Kouchouseph Chittilappilly who sold 50 lakh shares recently to fund his philanthropy on wealth, success and giving
* It was my decision to slowly liquidate some of my shares to create wealth for the foundation’s philanthropic activities
* Exactly a decade ago, while Chittilappilly was still at the helm of his businesses, he became a kidney donor
* Creating wealth is not success. Success is in building an enterprise or a product, marketing it and making it tick. Wealth is a byproduct
Kochouseph Chittilappilly neatly delineates his two identities — the industrialist and the philanthropist — and the two do not mix. For the Chairman Emeritus of two listed companies, V Guard Industries Ltd and Wonderla Amusement Parks and Resort, the ‘head’ is firmly in charge when matters of business are at hand. The ‘heart’ takes over when he oversees the growing philanthropic activities under the K Chittilappilly Foundation. It has largely been ‘heart’ over ‘head’ for Chittilappilly in recent years as he has increasingly delegated the businesses to his sons.
The head and heart binary has worked well for the 71-year-old Kochi resident who raised businesses worth $1.1billion over the past 40 years. “Business is business,” he says cryptically. And he plays it like a thoroughbred business head, competitively, and seeking to dominate the market. Philanthropy, he observes, abides by different rules. “There you apply your heart,” he says.
Chittilappilly offloaded 90 lakh shares worth ₹222 crore this year to fund his philanthropy. The sale of 50 lakh shares in the company earlier this week came on the back of another — 40 lakh shares worth ₹ 90 crore — made in February. “It was my decision to slowly liquidate some of my shares to create wealth for the foundation’s philanthropic activities,” Chittilappilly tells BLink in a telephone interview.
Over the past decade, the foundation has focused on medical aid and housing for families below the poverty line, supported women-led Self Help Groups with micro enterprises, and aided education of children, he points out. “Philanthropy has been a part of my life over the past decade, and now I want to scale up. I have retired from the businesses at V Guard and Wonderla, and it has given me more time,” he adds.
Exactly a decade ago, while Chittilappilly was still at the helm of his businesses, he became a kidney donor. He was 60 when he donated the organ to a 42-year-old truck driver. The action set Chittilappilly apart from run-of-the-mill Corporate Social Responsibility platitudes and has been the bulwark of his social enterprise ever since. Multiple requests for monetary help for dialysis and organ transplant often landed at his desk at the foundation. He came to understand closely the reservations around organ donation even among family members of kidney patients. He decided to act by setting an example, donating the organ to a stranger.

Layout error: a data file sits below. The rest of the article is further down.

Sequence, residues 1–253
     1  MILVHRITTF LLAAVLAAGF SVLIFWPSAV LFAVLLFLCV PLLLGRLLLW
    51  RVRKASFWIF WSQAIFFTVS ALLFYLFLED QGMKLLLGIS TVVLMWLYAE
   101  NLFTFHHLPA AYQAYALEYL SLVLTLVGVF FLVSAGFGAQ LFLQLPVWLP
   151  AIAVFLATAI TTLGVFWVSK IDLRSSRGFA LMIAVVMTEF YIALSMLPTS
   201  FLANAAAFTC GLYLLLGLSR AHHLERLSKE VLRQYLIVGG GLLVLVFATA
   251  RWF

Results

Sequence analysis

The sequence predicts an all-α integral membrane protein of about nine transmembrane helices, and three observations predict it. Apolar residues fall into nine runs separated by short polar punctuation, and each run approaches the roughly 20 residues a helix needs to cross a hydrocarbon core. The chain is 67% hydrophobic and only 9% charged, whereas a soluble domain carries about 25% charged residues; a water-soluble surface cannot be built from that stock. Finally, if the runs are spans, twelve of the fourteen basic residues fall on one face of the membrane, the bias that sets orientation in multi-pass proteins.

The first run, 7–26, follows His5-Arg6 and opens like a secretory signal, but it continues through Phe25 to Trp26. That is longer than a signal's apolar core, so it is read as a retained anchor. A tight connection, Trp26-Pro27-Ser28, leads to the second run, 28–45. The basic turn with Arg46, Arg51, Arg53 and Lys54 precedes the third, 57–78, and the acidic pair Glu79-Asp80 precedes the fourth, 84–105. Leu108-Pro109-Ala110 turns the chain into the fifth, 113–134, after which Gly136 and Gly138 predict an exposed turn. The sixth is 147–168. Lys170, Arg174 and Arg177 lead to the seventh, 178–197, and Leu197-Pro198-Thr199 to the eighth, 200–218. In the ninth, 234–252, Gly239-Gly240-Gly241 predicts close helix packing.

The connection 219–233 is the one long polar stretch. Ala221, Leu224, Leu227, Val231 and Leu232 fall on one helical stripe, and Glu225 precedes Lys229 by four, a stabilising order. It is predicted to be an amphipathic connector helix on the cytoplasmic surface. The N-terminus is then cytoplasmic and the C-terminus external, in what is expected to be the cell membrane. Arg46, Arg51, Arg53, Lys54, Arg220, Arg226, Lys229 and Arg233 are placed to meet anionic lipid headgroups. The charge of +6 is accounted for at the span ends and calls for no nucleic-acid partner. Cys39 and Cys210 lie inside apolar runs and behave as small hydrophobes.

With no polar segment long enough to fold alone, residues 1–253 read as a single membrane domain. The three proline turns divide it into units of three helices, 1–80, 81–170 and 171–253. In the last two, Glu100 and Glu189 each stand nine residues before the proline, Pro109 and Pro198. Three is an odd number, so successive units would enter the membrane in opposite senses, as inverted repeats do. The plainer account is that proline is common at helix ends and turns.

It was a challenge, he admits. “But I thought if I’m healthy, then why not?” Ten years on, he remains healthy, while the recipient has got to watch his daughter grow into a teenager. Chittilappilly’s high profile organ donation did bring the cause more traction in Kerala. “When compared to other states, organ donations are quite popular in Kerala, especially within the family,” he claims.
On the other hand, his interventions seeking to rid the state of stray dogs made him unpopular among animal rights activists and had him battling with animal welfare bodies. Heading the “stray dog free movement”, he had gone on a hunger strike demanding protection to people against stray dogs, and even petitioned the Kerala High Court in 2014.
“We receive requests for help from accident victims at the foundation. When we probe the nature of the accident, we find cases where two-wheeler mishaps are caused by stray dogs,” he says.
The issue had polarised society, and stray dog attacks on people, some fatally in the state, often led to calls for their culling. Years since matters came to a head, Chittilappilly says, “People who are concerned about stray dogs should provide them shelter and feed them well. If they are hungry and out in the open, they will bite.”
The billionaire who started out with a small voltage stabiliser business in 1977, two employees and a capital of ₹1,00,000 from his father, says it is payback time. “I was born and brought up in a village. The initial support from my father aside, I earned my fortune from society. I have a moral responsibility to give part of it away,” he says.
Philanthropy, he observes, was never a chapter without context; it has been a slow, life-long process. As a small businessman in his early days, he helped out in ways he could, he adds.
Chittilappilly has kept close tabs on contemporary entrepreneurs and their journeys, be it NR Narayana Murthy of Infosys or Wipro’s Azim Premji. He has witnessed the changing dynamics of business itself. “The newer set of entrepreneurs have little hesitation in parting with their wealth. Moreover, families have gone nuclear. There is no meaning in giving all the wealth to your children. A good amount of money can be set aside for the needy,” he notes.
Chittilappilly’s businesses have diversified into a range of electrical products and amusement park chains in Kochi, Bengaluru and Hyderabad. Apart from his philanthropic projects, he is now engaged in a smaller enterprise — Veegaland Homes. “It is a very, very small entity compared to V Guard and Wonderla; here we build apartments on a small scale.”
In yet another small beginning lies a business philosophy that has driven Chittilappilly all along — an incredible appetite for success. He clearly demarcates the two takeaways of a good business — success and wealth.
“Creating wealth is not success. Success is in building an enterprise or a product, marketing it and making it tick. Wealth is a byproduct. We work not just to create wealth, but to create more and more success stories.”